When the Vietnam War arrived in the city of Saigon, it brought with it chaos and death for the innocent people of the city. Among all that chaos and destruction, a daring mission was taking place called ‘Operation Babylift’. The main aim of the mission was to rescue a large number of babies abandoned by their parents or other family member in fear of their lives. People left their babies at the doors of orphanages in the anticipation and hope of rescue by the United States. After more than a decade, the war was on its last legs and only the well-armed could save their families.
Saigon’s Tan Son Nhut airport saw a number of rescue planes taking off in the last days of the battle for the city of Saigon. One of them turned back shortly after taking off from the runway. This plane – a C-5A Galaxy – had its cargo gate opened mid-air and had to crash land on the runway. The death toll reached 138, out of which 78 were children under 10.
Despite all the odds and the fear of coming under fire, the mission continued, airlifting scores of children under the age of 10. Most of these rescued children ended up in the United States, Australia and Canada. A large number of families from these countries came forward to adopt the children. Some of the families already had children but they wanted to help these rescued souls to live a good life in their new home. ‘Operation Babylift’ helped rescue a total of 2500 children from war-torn Vietnam, the Stars and Stripes reports.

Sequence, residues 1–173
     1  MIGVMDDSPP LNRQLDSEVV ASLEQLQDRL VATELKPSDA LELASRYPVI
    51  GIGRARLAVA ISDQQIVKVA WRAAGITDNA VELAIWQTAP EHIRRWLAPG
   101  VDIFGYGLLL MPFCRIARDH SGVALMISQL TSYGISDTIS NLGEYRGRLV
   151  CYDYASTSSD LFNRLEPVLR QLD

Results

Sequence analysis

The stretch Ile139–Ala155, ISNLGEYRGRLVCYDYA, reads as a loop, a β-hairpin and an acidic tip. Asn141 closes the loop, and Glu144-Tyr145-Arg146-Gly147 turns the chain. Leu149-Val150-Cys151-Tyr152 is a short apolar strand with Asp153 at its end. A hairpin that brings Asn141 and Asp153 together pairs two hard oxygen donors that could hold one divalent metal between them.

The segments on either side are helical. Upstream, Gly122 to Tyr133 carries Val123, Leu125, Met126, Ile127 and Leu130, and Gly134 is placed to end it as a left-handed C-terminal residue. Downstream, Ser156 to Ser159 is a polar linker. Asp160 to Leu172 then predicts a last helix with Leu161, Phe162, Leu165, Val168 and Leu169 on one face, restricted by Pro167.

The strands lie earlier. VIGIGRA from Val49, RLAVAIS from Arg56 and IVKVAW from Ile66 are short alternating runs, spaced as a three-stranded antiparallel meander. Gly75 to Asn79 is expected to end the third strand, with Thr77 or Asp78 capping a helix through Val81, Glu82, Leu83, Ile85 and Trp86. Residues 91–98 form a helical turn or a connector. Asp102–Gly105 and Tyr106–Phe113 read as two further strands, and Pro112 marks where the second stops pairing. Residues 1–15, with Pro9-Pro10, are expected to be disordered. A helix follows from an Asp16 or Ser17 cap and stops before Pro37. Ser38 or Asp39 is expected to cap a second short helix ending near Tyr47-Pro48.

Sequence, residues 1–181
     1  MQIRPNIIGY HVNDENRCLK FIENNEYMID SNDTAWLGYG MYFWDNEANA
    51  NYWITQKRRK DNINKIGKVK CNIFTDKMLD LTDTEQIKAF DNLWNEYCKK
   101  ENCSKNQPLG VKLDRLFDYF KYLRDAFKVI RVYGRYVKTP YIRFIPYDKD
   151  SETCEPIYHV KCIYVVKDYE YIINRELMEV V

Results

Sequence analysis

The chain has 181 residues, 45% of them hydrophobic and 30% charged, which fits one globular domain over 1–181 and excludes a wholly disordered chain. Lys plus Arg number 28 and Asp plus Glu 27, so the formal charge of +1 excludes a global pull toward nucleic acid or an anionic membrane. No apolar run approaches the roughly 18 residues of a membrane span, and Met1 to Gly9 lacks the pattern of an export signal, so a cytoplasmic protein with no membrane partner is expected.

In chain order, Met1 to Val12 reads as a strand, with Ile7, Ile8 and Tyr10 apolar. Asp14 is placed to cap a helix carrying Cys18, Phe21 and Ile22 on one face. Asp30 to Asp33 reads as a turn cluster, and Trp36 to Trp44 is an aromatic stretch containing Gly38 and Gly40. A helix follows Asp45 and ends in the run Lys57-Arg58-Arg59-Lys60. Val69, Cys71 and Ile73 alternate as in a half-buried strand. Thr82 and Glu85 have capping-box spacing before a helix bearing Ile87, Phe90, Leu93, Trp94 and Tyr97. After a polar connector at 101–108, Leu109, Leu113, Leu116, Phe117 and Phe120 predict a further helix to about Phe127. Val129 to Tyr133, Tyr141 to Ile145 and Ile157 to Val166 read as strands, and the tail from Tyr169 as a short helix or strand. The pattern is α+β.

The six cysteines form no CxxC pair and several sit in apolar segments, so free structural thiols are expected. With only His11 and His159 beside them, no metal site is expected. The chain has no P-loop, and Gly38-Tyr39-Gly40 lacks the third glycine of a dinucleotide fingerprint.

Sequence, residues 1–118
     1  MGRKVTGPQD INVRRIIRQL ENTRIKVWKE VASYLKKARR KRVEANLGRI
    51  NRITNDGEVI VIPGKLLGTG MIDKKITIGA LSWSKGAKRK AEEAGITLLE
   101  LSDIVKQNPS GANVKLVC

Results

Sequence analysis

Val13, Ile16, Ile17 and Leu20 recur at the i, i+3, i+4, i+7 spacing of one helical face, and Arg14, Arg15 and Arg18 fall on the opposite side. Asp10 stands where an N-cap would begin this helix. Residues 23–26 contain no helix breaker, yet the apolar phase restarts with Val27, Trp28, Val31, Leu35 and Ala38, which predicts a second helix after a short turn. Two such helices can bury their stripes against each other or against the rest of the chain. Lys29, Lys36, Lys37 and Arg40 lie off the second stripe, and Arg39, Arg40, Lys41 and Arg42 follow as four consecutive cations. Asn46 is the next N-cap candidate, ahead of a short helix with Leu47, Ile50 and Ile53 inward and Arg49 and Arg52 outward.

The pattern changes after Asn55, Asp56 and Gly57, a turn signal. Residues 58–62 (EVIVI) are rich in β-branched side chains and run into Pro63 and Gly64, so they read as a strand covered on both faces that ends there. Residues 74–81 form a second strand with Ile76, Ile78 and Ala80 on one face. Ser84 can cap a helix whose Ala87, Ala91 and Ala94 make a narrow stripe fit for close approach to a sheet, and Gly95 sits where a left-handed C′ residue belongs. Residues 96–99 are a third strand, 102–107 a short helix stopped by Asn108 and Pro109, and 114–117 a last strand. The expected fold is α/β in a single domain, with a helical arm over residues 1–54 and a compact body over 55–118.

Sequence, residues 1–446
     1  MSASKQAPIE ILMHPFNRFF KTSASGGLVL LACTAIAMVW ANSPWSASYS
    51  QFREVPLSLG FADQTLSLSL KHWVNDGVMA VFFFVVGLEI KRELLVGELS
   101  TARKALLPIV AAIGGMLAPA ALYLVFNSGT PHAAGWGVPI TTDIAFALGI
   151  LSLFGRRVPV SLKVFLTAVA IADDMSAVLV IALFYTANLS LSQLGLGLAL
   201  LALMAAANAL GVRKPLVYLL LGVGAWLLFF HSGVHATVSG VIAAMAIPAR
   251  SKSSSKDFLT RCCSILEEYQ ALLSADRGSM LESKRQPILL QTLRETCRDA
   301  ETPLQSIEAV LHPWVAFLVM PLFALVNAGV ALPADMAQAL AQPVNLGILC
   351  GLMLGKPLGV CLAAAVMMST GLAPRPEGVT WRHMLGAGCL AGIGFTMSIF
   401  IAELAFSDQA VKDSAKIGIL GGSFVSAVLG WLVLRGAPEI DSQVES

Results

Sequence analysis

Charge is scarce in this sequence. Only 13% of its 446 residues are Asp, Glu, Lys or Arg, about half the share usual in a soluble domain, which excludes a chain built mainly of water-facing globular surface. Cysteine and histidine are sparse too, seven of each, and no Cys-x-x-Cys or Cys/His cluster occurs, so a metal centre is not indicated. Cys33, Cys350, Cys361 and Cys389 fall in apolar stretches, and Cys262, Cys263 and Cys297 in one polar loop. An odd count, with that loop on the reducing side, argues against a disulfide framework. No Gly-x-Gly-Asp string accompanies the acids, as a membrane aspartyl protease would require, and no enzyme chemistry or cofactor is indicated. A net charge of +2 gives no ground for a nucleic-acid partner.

Upon arrival in the US, the children from ‘Operation Babylift’ were given to a number of families from all around the United States. Over the last 4 decades, these kids were raised by their American families and are now a part of US society. Some of the children went back to Vietnam after the war had ended, to meet their parents. Most of them preferred their adoptive American parents to their biological Vietnamese parents. Although there is a sense of gratitude among the people who were rescued during the Fall of Saigon, some of them struggle to understand their position with respect to the events of the Vietnam War.